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#Eyedentitytheft2016 Update

Posted by Amanda Dexter on Oct 27, 2016 12:00:00 AM


It has become quite clear over the past few weeks that the opening of unwanted credit cards as a result of identity theft involving thousands of optometrists and optometry students is far but over. Many of those affected have reported that second attempts at opening Chase Amazon credit cards in their names has recently occcurred.

In addition to this, some are also stating that other credit cards such as Amazon store cards through Synchrony bank have also been applied for and in some cases approved. 

Although none of the optometry organizations have formally stepped up and taken accountability for the breach, there has been a class action lawsuit filed against NBEO. NBEO's website states that they have retained a law firm, which with the assistance of a nationally-known cybersecurity firm, is investigating whether the security of NBEO databases containing the personal identifiers of members of the optometry community has been breached. They further note that depending on what the inquiry reveals and when, it could take a number of additional weeks to complete the investigation. They say that "if at any juncture, however, the inquiry establishes that NBEO's systems were breached, we will promptly notify affected parties as the law requires and undertake other security measures as appropriate."

The AOA has also put pressure on NBEO to reassure students that their data is safe as many students are being required to enter personal data into their system as they register for their exams. AOA President, Dr. Andrea Thau, O.D., wrote NBEO "In order to allay these concerns, can you provide assurances that the current NBEO registration system for new registrants—which includes the required entry of Social Security numbers—comports with best practices for testing bodies in other professions and meets all applicable industry standards for data security?" The AOA has yet to receive a formal reply, but will continue to insist on up-to-date, accurate information to provide to its student members, especially those with questions and concerns about data security. The AOA has also contacted the FBI and Federal Trade Commission after initial reports to apprise investigators of the situation.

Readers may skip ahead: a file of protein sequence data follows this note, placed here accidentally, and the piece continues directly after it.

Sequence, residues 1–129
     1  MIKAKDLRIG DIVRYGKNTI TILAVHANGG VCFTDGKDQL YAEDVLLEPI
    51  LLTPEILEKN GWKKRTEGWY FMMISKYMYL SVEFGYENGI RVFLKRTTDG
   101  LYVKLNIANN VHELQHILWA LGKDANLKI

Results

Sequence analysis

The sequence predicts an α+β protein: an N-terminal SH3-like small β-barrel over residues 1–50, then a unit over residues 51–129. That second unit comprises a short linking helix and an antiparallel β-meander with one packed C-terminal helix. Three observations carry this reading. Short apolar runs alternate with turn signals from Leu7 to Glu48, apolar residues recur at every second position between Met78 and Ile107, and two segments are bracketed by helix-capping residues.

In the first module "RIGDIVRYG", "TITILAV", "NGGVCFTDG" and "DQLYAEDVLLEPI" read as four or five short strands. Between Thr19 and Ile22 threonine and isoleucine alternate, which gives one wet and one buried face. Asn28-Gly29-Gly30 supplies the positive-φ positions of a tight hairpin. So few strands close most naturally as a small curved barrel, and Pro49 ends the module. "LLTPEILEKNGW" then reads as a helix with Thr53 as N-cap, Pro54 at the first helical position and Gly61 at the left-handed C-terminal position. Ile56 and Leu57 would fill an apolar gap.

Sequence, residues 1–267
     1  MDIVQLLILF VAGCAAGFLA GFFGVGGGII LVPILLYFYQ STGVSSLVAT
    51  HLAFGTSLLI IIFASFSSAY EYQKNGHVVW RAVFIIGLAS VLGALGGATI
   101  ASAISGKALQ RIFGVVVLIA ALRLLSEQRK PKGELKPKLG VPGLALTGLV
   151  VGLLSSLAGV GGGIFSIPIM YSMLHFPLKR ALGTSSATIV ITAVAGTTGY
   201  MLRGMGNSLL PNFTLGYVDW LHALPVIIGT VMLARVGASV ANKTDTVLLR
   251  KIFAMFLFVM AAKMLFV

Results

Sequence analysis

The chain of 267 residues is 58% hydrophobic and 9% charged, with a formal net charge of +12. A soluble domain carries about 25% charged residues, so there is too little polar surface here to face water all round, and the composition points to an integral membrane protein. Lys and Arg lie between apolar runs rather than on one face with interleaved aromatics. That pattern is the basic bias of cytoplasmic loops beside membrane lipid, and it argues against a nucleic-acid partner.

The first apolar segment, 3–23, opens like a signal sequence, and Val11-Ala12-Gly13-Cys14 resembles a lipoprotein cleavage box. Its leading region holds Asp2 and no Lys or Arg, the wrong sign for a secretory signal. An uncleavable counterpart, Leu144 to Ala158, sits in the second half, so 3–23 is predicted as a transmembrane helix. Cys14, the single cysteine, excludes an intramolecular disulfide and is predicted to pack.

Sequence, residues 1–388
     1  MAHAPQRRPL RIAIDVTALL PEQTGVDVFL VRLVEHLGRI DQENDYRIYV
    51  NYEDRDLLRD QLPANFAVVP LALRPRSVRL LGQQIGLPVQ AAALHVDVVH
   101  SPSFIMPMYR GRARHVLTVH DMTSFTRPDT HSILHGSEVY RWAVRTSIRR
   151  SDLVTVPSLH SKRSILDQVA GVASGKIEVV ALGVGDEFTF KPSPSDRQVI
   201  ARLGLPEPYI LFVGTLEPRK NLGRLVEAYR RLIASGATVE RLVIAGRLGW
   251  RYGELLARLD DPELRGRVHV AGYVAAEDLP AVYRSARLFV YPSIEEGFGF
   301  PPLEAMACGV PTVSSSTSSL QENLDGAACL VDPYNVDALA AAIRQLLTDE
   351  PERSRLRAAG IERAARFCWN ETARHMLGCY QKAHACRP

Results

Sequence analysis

So what can you do to conitnue to protect yourself? I think it's pretty obvious at this point that if you have not put a freeze on your credit, you should. These hackers seem to have no intention of slowing down, and who knows when this will end. I was leery of doing this initially as it could be considered a pain to unfreeze and then re-freeze credit for future needs, but I'd rather deal with it to ensure my credit safety. From what others are saying, the fraud alert was of absolutely no help whatsoever. Unlike a fraud alert, you have to request a credit freeze from all three credit agencies and depending on your state, it may cost you some money. But again, well worth it.

Super easy to do, and can all be completed online in about 20 minutes. Here are the links for each bureau below:

Experian: https://www.experian.com/ncaconline/freeze#registration

Transunion: https://www.transunion.com/credit-freeze/place-credit-freeze

Equifax: https://www.freeze.equifax.com/Fre…/…/SFF_PersonalIDInfo.jsp

-Dr. Dexter 

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Topics: Identity Theft



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